Vengeance of the Iron Dwarf by R.A. Salvatore

Genre: Fantasy

Series: Companions Codex #3 | Legend of Drizzt #27

Publisher: Wizards of the Coast (March 3, 2015)

Author Information: Website | Twitter

Length: 352 pages

My Rating: 3 out of 5 stars.

War! The Silver Marches have been consumed by it.

Across the land, the years of peace and plenty are a thing of the past. The drow cast Darkening obscures the very sun. Nesme is a burned out shell. Sundabar exists as a conquered city, filled with enemies. Elven Silvermoony lies besieged. The dwarven citadels of Mithral Hall, Felbarr, and Adbar are ringed about – above and below ground – with enemies too numerous to count. And the Companions of the Hall have been unable to stem the tide, finding themselves separated and fearful of their comrades survival!

Definitely, the fate of the Silver Marches appears bleak. The evil alliance of frost giants, white dragons, Many Arrows’ orcs, and the drow seemingly invincible. Yet even in apparent victory, the true designs of Matron Mother Quenthel Baenre has yet to be revealed – even to her friends and allies.

From this powder keg of fantasy warfare, Mr. Salvatore crafts another fine addition to the Legend of Drizzt. It has all the elements of an entertaining, fantasy romp that fans have come to expect from their favorite drow: a huge war raging, individuals acts of bravery, diabolical schemes, mysteries revealed, and more than a few moments of laughter. And here the author has even saw fit to add several moments of sobriety into the fantasy stupor that are both thought-provoking and emotionally jarring.

The best example of the latter is Bruenor’s reunion with his “mother”; a woman who reared him believing that he was not a long-dead king reborn but rather the infant child of her loving marriage. When the two face one another again with the truth of Bruenor’s resurrection between them, Mr. Salvatore does an excellent job of showing a realistic portrayal of a mother’s questions and despair at the fate of her own child – including the possibility that she might truly reject the son who was never really her son.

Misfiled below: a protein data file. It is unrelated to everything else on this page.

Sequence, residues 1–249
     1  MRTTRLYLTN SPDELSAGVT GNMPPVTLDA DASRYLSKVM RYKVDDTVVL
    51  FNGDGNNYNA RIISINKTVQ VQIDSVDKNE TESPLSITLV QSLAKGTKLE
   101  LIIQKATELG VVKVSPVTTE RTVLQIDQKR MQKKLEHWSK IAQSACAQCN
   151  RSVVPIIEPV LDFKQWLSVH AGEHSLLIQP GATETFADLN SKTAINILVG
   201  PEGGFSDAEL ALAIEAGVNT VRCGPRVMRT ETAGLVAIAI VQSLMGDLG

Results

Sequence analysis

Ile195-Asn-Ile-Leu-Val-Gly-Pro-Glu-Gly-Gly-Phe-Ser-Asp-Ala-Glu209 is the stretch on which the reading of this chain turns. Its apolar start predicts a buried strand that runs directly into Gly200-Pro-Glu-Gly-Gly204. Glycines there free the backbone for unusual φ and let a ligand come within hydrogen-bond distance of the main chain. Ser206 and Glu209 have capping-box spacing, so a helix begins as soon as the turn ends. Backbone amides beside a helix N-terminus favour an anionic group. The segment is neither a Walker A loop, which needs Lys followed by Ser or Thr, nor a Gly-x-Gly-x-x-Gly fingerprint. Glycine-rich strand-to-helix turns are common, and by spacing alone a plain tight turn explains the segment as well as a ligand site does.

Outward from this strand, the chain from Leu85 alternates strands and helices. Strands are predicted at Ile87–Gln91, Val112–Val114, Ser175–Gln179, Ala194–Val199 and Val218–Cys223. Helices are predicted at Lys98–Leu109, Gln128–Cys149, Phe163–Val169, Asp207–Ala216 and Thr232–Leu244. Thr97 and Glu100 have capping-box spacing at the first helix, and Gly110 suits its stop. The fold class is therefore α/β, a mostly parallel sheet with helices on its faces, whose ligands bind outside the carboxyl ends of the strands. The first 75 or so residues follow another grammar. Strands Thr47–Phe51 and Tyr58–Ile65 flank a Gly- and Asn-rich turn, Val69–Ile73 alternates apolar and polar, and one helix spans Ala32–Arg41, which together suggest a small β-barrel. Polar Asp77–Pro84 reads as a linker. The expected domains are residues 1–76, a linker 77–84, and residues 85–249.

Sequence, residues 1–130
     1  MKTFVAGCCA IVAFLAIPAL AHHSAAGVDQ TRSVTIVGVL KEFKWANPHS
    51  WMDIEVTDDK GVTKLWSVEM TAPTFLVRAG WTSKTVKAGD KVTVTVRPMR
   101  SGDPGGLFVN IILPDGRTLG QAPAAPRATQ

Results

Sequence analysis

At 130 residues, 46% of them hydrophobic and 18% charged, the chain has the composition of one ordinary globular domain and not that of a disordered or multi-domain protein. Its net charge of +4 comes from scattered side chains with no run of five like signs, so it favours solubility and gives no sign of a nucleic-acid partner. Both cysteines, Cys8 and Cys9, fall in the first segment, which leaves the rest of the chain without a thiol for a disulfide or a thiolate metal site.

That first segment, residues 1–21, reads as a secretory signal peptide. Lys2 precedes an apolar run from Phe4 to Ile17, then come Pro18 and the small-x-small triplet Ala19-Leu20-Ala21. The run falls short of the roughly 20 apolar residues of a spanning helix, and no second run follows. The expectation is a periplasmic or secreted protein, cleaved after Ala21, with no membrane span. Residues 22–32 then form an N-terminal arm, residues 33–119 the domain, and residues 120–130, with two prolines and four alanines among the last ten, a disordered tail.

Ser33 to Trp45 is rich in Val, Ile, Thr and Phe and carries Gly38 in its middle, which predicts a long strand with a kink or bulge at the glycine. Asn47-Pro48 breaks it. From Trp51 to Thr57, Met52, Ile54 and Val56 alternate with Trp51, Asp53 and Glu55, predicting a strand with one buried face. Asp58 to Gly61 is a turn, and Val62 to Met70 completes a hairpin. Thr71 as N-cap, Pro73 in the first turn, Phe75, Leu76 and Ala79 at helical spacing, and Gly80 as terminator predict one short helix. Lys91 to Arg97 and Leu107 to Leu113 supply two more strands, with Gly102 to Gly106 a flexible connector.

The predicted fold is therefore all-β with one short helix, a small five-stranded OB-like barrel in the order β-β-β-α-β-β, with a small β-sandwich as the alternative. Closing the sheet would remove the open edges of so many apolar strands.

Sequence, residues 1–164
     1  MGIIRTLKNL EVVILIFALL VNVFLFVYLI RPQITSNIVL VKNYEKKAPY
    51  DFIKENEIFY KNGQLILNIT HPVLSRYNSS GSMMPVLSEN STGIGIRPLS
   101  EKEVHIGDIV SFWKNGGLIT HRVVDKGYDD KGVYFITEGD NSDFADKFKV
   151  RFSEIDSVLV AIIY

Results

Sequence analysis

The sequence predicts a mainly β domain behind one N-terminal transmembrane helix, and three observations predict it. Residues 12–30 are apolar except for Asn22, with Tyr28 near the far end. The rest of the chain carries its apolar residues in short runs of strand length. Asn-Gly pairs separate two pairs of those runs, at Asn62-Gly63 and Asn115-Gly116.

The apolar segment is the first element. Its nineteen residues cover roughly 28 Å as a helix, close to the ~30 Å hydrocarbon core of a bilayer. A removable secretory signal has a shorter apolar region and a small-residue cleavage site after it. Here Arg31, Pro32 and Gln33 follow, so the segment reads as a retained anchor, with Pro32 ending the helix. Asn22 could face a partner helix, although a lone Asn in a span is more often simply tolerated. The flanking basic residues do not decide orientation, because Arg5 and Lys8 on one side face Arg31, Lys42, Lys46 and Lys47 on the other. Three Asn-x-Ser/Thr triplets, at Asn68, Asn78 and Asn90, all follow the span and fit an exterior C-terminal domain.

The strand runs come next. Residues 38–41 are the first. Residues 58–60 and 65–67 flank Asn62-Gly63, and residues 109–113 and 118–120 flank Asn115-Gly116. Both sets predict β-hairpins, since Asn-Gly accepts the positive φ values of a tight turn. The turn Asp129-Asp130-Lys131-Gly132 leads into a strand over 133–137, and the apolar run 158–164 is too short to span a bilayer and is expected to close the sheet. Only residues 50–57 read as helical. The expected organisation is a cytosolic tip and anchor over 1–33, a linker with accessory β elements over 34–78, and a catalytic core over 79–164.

Even with all its positives, I have to admit that Vengeance of the Iron Dwarf did not entertain me as much as the last volume in the series, Rise of the King. The reason is simply that there was too much going on with too many characters, and Mr. Salvatore tried to wrap it all up too quickly. The frantic conclusion to this narrative so rushed that it was almost impossible for me to savor the grandness of the whole spectacle of diverse characters, races, and nations fighting a war to the finish. Something that marred an otherwise great Drizzt story.

At this point in my review of a Legend of Drizzt book I always seem to find myself saying the same thing: “If you are already a fan of the drow and his friends, then you will undoubtably enjoy this novel.” (Duh, right? I mean, it is a fantasy swashbuckling series whose longevity surely speaks to all those who love it.)

This first statement is unerringly followed by the “But, if you don’t like Drizzt or these types of classic fantasy fare (perhaps preferring more modern takes on the genre or narratives that diverge away from traditional elements) then there is nothing in this novel that is going to win you over.”

And I suppose I could say all that again, but I’ve decided not to. Rather, I’ve chosen to end this review by encouraging those who haven’t picked up a Drizzt book to go find one and give it a try. While Mr. Salvatore generally stays true to the traditional fantasy elements, the stories are always entertaining, blending fantasy fun with a very readable narrative that flows seamlessly. Not only that but he inevitably inserts moments in the stories when these seemingly simplistic characters are forced to stop looking at things in a black-or-white manner and contemplate the reality of their actions and their own personal views; their decisions then going on to actually mean something in the ongoing story. So before you cast disdain on this drow led caravan, you really should give it a go. I mean, you might find that you actually enjoy it.

Wizards of the Coast and Netgalley provided this book to me for free in return for an honest review. The review above was not paid for or influenced in any way by any person, entity or organization, but is my own personal opinions.

Buy Vengeance of the Iron Dwarf (Forgotten Realms: Companions Codex) at Amazon.

This entry was posted in 3 Stars, Drizzt, Fantasy, Forgotten Realms, High, Swashbuckling, Sword and Sorcery and tagged , , , , , , , , . Bookmark the permalink.


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